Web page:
I’m a pretty cerebral romance reader. It’s rare that I read one book by an author that so transports me I can’t write anything intelligent about it, much less two. So when it comes to Alexis Hall’s work, I’m three books in and still struggling to write anything coherent, both because it’s just not how I want to experience these stories and because every time I try, I come out with a 6,000 word blog post (don’t worry–this post isn’t quite that long). There is plenty of meat on these bones. They’re so infernally clever, complex, rich and varied that I want to do them justice.
Liberty & Other Stories is a book of short stories set in the same universe as last year’s Prosperity, and there may be differing opinions on this, but I think it doesn’t really work as a stand-alone. It’s comprised of Shackles, Squamous with a Chance of Rain, Cloudy Climes and Starless Skies, and Liberty. I’m focusing on Shackles here because it’s a prequel to Prosperity, the story of Ruben Crowe’s first meeting with Milord. They’re both characters I’m actually rather ambivalent about in terms of my personal feelings, but which somehow doesn’t impact how I experience their interactions. Both characters have limitations in my eyes, which made them wrong for Picadilly, the charming, effervescent narrator of Prosperity, but perfect for each other.
Shackles was actually reminiscent of Rumpelstiltskin, the Grimm fairy tale. Both Milord and Ruben Crowe are struggling with identity here, a struggle which continues into Prosperity. Milord is a crime lord who can’t be a crime lord from what is effectively death row. And Ruben feels out of place as a noble and has been defrocked as a priest. We get the sense he’s just…drifting. And the way Ruben repeatedly leaves and returns to Milord in prison recollects the little man returning to the princess each night as she searches for his true name. I couldn’t help but think of Ruben’s desire for Milord’s redemption, which definitely doesn’t happen within the bounds of Shackles and barely happens within the bounds of Prosperity: trying to spin Milord into gold, despite his very straw-like, base capabilities.
There are some theological reasons that persistently annoy me about Ruben, but I’m not going to go into that here. Suffice to say, I find it hard to like him, which is actually a good thing. Otherwise, I might have had difficulty with the romance. And Milord is a master manipulator, controlling every move Ruben makes even as he pretends helplessness: both monster and princess. Knowing what’s coming further down the line for them made Shackles all the more interesting because, aside from Ruben not dying at the end, there is little indication here that Milord is in any way redeemable in the way Ruben hopes for.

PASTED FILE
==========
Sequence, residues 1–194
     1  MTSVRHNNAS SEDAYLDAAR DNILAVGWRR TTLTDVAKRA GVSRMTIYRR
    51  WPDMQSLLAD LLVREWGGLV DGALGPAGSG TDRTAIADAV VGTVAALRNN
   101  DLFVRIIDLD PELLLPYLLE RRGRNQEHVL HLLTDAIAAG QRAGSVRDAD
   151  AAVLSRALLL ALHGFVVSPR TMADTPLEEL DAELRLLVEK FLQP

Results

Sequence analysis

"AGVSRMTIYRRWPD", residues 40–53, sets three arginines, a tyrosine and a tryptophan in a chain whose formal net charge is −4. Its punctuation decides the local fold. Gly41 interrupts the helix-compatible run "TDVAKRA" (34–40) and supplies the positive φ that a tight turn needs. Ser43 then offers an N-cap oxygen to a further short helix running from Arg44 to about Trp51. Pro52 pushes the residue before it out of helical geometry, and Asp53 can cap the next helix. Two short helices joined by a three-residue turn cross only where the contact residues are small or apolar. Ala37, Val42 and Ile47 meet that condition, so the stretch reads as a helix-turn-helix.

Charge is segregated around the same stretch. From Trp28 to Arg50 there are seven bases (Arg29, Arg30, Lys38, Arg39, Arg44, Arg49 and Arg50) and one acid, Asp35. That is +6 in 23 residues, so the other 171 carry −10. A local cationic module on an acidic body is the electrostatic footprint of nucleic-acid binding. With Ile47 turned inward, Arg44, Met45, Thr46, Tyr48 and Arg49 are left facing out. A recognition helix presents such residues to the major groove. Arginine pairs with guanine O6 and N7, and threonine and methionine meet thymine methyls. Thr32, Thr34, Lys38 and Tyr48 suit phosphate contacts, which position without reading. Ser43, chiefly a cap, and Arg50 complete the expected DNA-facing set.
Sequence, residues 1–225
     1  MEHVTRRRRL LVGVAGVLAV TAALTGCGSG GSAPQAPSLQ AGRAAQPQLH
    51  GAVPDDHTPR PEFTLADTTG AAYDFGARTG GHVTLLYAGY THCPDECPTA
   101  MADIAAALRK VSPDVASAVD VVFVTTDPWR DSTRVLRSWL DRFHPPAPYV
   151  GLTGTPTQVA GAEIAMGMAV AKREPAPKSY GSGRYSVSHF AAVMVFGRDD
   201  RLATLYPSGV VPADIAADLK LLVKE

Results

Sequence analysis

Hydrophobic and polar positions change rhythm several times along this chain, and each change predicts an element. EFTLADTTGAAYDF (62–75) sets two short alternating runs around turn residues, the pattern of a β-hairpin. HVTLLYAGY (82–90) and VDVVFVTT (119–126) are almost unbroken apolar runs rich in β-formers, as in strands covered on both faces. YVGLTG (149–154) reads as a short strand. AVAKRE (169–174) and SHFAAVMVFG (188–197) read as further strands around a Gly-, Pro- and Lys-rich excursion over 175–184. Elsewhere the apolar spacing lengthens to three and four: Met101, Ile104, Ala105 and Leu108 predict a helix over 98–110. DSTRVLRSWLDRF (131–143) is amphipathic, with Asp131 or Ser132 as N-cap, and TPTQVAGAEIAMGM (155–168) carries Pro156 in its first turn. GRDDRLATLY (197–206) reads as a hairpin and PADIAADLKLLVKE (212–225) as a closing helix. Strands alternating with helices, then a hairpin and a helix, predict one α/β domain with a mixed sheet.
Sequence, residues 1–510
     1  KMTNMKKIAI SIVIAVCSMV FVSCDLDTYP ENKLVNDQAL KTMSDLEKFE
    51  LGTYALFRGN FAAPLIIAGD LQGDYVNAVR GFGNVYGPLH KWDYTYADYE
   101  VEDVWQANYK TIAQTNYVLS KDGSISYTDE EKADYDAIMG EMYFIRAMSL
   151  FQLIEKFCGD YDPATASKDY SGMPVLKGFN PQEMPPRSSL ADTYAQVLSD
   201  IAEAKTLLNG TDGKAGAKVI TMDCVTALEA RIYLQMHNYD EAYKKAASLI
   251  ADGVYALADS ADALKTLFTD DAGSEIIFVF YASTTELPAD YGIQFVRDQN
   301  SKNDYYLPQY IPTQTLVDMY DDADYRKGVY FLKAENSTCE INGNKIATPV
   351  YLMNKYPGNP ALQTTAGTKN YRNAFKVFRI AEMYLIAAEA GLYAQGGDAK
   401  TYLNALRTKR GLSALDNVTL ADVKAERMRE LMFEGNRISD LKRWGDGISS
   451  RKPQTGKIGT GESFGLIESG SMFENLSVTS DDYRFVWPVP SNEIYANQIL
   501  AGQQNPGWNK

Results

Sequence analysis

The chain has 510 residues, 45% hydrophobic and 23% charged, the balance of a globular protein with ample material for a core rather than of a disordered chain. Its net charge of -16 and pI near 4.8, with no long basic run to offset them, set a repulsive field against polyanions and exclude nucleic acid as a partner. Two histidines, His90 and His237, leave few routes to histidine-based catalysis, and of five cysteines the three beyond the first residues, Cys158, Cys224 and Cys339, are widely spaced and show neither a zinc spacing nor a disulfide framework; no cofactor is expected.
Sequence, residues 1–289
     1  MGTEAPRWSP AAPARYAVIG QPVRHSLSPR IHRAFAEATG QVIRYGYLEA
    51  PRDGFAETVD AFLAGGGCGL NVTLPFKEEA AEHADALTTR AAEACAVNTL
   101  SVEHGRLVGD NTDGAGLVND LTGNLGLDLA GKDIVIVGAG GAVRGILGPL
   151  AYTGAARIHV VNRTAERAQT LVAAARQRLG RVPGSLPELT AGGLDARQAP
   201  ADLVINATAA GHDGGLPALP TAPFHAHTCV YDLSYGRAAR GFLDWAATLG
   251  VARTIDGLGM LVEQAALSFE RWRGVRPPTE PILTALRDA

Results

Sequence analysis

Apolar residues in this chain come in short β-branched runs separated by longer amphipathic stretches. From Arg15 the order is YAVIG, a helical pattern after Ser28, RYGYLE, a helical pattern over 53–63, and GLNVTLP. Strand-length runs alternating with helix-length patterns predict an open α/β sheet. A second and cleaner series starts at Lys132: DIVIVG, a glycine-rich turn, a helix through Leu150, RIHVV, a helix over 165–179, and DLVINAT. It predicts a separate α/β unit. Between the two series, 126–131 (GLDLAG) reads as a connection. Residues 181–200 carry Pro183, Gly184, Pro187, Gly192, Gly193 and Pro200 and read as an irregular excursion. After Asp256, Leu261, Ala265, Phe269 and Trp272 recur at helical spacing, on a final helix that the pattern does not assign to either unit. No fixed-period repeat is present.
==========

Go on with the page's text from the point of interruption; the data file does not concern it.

That said, the fact that I have doubts about both Milord and Ruben as people doesn’t diminish my joy at their happy ending in Prosperity. Whether I like them isn’t the point. The point is that they love each other and find a way to make it work, despite their limitations. It’s a subject that seems to be emerging as something of a theme of Hall’s: that everyone, regardless of their worth to society, is worthy of love. It’s also the the perfect foil for the romance that develops between Picadilly and Byron Kae, the aethermancer of the ship that brings all of these characters together: a dramatic, tempestuous thing that highlights the slow-developing, quietly magical quality of Dil & BK’s relationship. And it’s that relationship, the one between Picadilly and Byron Kae, that I’m reluctant to spoil by writing about in depth. So you’ll just have to read Cloudy Climes and Starless Skies, which is one of my favorite stories I’ve ever read anywhere. Ever.
I’ve said several times that these two books (Prosperity and Liberty & Other Stories) would make an excellent doctoral thesis in the future. But they also function as pure narrative: engaging stories that, in your excitement, you’ll either rush to finish or pause to savor. I’d recommend reading Prosperity prior to picking up this volume. There is also a free short available in the same universe which further explores the dreams and desires of a minor character in Cloudy. And since anything to do with Byron Kae appears to be my kryptonite, I can only hope that more Prosperity universe books will be forthcoming, particularly as someone who was once kind to BK, Captain Edward Rackham, comes into focus in Cloudy Climes and Starless Skies and struck me as kinda dreamy. Probably needless to say at this point, I’d be overjoyed for more.